|Prince / Infante|
|Sovereign Prince / Fürst|
|Marquess / Marquis /
Margrave / Landgrave
|Count / Earl|
|Viscount / Vidame|
A viscount (i// VY-kownt, for male) or viscountess (for female) is a member of the European nobility whose comital title ranks usually, as in the British peerage, below an earl or a count (the earl's continental equivalent) and above a baron (in the United Kingdom).
The word viscount, known to be used in English since 1387, comes from Old French visconte (modern French: vicomte), itself from Medieval Latin vicecomitem, accusative of vicecomes, from Late Latin vice- "deputy" + Latin comes (originally "companion"; later Roman imperial courtier or trusted appointee, ultimately count).
As a rank in British peerage, it was first recorded in 1440, when John Beaumont was created Viscount Beaumont by King Henry VI. The word viscount corresponds in the UK to the Anglo-Saxon shire reeve (root of the non-nobiliary, royal-appointed office of sheriff). Thus early viscounts were originally normally given their titles by the monarch, not hereditarily; but soon they too tended to establish hereditary principalities lato sensu (in the wider sense).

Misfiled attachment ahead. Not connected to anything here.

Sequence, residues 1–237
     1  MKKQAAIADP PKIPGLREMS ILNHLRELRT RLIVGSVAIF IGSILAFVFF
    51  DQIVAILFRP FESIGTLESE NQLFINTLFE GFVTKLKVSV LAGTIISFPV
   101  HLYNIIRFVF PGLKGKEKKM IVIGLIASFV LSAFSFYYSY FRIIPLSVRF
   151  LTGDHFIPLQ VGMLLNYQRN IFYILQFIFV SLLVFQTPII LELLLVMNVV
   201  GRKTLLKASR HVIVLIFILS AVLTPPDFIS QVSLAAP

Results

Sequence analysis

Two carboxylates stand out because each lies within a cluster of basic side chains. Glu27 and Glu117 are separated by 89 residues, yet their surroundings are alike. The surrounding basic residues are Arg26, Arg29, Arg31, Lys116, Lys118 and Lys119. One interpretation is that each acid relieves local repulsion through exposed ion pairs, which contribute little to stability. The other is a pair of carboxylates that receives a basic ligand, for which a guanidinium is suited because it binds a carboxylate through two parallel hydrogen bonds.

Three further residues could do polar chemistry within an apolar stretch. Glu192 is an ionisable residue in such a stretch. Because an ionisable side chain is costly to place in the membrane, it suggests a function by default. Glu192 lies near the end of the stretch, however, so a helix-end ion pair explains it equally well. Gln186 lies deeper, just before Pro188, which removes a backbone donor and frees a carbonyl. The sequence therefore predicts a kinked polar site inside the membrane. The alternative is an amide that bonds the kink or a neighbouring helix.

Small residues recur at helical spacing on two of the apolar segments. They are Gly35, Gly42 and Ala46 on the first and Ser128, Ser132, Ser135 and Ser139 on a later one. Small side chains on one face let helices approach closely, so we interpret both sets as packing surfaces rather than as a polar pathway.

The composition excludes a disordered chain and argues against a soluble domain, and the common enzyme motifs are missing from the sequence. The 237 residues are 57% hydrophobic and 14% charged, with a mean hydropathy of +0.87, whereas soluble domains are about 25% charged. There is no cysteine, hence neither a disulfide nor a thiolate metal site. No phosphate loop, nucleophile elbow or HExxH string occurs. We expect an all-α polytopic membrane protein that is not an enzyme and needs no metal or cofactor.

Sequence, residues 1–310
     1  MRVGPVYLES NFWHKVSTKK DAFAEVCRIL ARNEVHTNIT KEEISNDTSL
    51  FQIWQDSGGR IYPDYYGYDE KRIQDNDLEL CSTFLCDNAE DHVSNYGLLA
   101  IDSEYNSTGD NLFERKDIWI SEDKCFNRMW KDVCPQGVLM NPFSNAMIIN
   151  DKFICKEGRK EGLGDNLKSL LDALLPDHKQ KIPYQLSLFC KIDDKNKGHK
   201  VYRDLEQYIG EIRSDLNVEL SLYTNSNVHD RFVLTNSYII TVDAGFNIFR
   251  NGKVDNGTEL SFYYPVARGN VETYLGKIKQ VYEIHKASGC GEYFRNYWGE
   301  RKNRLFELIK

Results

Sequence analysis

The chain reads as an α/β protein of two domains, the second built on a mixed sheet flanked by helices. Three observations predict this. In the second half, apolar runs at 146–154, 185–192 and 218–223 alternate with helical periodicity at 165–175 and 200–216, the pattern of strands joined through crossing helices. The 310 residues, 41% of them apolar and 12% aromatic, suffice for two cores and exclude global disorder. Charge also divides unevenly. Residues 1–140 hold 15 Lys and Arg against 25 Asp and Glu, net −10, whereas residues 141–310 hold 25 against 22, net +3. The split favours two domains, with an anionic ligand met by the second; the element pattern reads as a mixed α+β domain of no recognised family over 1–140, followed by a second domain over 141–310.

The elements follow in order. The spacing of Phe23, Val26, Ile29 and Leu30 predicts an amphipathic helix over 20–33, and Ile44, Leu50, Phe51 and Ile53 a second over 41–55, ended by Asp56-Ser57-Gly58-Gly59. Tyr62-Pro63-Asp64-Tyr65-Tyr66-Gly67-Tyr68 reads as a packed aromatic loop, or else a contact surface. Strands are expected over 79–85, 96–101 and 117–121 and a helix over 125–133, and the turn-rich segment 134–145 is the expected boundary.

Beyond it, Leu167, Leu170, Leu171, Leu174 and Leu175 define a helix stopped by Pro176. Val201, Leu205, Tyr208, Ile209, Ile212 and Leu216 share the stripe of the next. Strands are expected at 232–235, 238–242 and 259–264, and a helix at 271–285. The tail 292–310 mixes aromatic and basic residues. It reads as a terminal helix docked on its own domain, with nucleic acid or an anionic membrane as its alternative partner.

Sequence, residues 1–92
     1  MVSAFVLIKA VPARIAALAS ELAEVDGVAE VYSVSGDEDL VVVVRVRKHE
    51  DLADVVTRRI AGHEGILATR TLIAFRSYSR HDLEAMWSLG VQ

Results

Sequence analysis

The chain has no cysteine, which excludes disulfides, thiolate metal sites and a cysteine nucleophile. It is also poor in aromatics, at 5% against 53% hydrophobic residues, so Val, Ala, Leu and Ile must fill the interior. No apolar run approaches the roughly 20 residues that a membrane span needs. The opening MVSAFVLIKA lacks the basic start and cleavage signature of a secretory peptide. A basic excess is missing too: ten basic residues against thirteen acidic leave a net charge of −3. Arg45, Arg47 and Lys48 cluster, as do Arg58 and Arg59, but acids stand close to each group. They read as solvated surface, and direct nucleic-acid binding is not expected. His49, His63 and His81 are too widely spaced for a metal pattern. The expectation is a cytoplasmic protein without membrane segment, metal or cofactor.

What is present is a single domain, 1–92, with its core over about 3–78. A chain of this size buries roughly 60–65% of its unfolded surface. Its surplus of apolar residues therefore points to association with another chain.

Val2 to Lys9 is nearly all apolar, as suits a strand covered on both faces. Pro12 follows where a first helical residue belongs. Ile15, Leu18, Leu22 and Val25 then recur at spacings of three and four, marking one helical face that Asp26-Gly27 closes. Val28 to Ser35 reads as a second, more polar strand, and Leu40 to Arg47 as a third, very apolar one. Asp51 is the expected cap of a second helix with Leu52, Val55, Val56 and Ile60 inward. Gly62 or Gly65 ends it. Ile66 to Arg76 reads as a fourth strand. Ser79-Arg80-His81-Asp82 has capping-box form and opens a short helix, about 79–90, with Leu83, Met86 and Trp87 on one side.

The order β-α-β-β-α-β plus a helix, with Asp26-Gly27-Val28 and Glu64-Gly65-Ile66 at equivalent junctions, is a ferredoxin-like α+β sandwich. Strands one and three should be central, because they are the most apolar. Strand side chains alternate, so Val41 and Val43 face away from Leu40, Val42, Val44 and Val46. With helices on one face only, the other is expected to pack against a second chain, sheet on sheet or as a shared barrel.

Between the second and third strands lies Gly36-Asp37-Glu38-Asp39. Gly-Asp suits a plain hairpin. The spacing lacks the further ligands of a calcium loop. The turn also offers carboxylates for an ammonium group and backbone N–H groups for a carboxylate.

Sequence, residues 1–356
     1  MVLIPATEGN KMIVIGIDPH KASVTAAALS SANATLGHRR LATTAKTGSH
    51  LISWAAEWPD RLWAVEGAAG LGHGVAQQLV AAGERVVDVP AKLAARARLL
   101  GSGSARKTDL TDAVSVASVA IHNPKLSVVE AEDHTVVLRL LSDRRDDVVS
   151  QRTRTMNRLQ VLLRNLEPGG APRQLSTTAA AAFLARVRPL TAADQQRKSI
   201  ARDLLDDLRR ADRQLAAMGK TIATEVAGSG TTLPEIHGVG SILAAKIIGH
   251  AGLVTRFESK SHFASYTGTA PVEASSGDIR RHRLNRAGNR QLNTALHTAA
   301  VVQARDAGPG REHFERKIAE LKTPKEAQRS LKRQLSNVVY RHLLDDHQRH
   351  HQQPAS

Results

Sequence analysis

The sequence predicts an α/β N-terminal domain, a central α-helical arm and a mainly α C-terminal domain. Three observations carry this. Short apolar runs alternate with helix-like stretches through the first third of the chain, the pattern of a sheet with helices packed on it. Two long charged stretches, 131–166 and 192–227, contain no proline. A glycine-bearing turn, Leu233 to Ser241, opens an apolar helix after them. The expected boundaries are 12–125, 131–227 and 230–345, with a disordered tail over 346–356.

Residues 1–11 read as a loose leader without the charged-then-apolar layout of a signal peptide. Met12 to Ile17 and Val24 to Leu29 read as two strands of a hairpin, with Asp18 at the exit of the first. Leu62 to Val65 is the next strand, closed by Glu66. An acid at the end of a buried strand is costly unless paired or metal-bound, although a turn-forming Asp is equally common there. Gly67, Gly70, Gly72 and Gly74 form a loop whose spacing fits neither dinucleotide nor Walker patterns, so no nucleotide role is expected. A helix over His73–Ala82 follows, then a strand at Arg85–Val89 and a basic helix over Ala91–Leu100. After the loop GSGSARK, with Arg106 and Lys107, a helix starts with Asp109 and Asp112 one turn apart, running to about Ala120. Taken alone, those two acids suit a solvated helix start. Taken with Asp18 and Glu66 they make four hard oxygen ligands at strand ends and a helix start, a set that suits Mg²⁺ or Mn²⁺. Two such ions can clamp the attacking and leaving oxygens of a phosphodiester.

Viscounts in the United Kingdom and the Commonwealth
|Part of a series on|
|House of Lords|
A viscount is said to hold a "viscountship" or "viscounty", or (more as the area of his jurisdiction) a "viscountcy". The female equivalent of a viscount is a viscountess. There are approximately 270 viscountships currently extant in the peerages of the British Isles, though most are secondary titles. They were a relatively late introduction to the British peerage, and on the evening of the Coronation of Queen Victoria in 1838, the Prime Minister Lord Melbourne explained to her why (from her journals):
I spoke to Ld M. about the numbers of Peers present at the Coronation, & he said it was quite unprecedented. I observed that there were very few Viscounts, to which he replied "There are very few Viscounts," that they were an old sort of title & not really English; that they came from Vice-Comites; that Dukes & Barons were the only real English titles;—that Marquises were likewise not English, & that people were mere made Marquises, when it was not wished that they should be made Dukes.